Piper Jaffray & Co. announced Monday that 25-year municipal industry veteran Jim Ridenour will be returning to the firm Oct. 1 after a 10-year hiatus. He will be based in Minneapolis and will lead fixed-income middle market sales as a managing director.
Ridenour rejoins the firm after leading the middle-market fixed-income group at RBC Wealth Management, where he had worked since 2000. He previously was manager of municipal institutional sales at RBC, a position he also held at Piper from 1996 to 2000. His career in finance began at Dean Witter in 1981.
Brad Winges, head of fixed-income services, said Ridenour will lead a 35-person team focusing on the distribution of new public finance issues and secondary taxable and tax-exempt fixed income.
“Jim will lead the expansion of the sales group to ensure we have the distribution resources to support the growth strategy of our public finance and fixed-income businesses,” Winges said. “Jim’s experience and penchant for providing exceptional client service make him an excellent fit to lead this group.”
Piper Jaffray, founded in 1895, is the 11th largest U.S. underwriter by volume, according to Thomson Reuters. It has led 357 deals so far this year totaling $4.92 billion. Last year it ranked 10th by completing 530 deals totaling $10.7 billion.
The Minneapolis-based firm adheres to a strategy of working out of offices close to issuer clients. Its 22 regional locations are staffed by some 125 public finance professionals, including more than 60 bankers. Sales and trading operate mostly out of its bigger offices in Minneapolis, New York, San Francisco, and Kansas City.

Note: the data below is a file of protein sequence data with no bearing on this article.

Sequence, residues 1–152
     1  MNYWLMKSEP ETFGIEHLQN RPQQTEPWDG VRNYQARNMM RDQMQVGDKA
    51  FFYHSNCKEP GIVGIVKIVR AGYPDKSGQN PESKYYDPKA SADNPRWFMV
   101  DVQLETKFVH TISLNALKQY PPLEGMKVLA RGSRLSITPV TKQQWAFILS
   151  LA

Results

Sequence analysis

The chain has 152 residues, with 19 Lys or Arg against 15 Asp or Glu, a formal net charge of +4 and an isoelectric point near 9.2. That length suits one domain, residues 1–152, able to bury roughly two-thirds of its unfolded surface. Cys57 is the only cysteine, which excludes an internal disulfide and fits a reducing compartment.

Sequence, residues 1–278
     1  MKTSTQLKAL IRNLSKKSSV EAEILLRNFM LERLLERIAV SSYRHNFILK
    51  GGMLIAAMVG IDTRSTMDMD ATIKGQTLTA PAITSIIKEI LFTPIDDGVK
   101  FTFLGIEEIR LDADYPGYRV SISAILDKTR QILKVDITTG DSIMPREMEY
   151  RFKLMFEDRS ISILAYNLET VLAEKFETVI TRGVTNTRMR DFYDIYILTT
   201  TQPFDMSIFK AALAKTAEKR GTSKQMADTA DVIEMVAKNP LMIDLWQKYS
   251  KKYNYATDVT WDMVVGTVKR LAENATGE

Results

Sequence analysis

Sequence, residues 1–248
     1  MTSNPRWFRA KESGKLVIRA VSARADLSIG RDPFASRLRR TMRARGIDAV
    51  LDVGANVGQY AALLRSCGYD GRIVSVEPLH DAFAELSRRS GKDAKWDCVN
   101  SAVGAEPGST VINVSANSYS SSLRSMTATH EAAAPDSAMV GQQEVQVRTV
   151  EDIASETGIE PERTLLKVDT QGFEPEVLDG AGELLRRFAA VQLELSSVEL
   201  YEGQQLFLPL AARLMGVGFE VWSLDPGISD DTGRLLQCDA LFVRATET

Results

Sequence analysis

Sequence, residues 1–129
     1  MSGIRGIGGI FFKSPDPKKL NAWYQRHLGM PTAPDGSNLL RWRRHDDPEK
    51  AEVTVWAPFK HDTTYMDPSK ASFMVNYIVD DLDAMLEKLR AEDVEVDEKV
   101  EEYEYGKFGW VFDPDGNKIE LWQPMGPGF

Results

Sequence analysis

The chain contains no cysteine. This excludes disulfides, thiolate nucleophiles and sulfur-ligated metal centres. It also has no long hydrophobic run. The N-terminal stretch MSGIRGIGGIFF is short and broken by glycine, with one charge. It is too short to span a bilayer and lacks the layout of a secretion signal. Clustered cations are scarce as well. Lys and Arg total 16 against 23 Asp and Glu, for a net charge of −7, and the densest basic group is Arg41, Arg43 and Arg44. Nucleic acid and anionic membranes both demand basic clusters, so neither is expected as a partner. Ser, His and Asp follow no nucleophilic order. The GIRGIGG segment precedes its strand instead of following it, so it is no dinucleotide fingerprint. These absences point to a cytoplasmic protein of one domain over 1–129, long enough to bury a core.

John Miller, formerly the head of the middle-market sales group who now leads national sales, said the mid-market group hopes to replicate that strategy, potentially by opening new offices. “We’re definitely hiring public finance people in markets where we can get good people,” he said. “That trend continues. We’re going to replicate that with middle-market sales people, whether it’s in current offices of public finance people or new areas.”
Piper is one of many firms that are now bulking up their middle-market presence to make better contacts with institutions that sometimes get lost in the shuffle with some of the bigger underwriters. These include money managers, bank trust departments, bank portfolios, smaller-scale insurance companies, family offices, and registered investment advisers.
“The tier-one market is well covered by almost any firm, including Piper,” Miller said. “Our greatest growth potential will come from the middle-markets client base.” That base is traditionally accessed by underwriters with retail distribution, but Piper sold its private wealth management division in 2006 to UBS AG and has since focused solely on institutional sales.
“Although we have helped fill the void left after selling our retail to UBS in 2006 with other alliances, we would like to align ourselves consistently with the opportunities that exist with our public finance department,” Miller said. “Additionally, we have strong trading niches in several taxable products that complement what can be offered to a wide range of accounts.”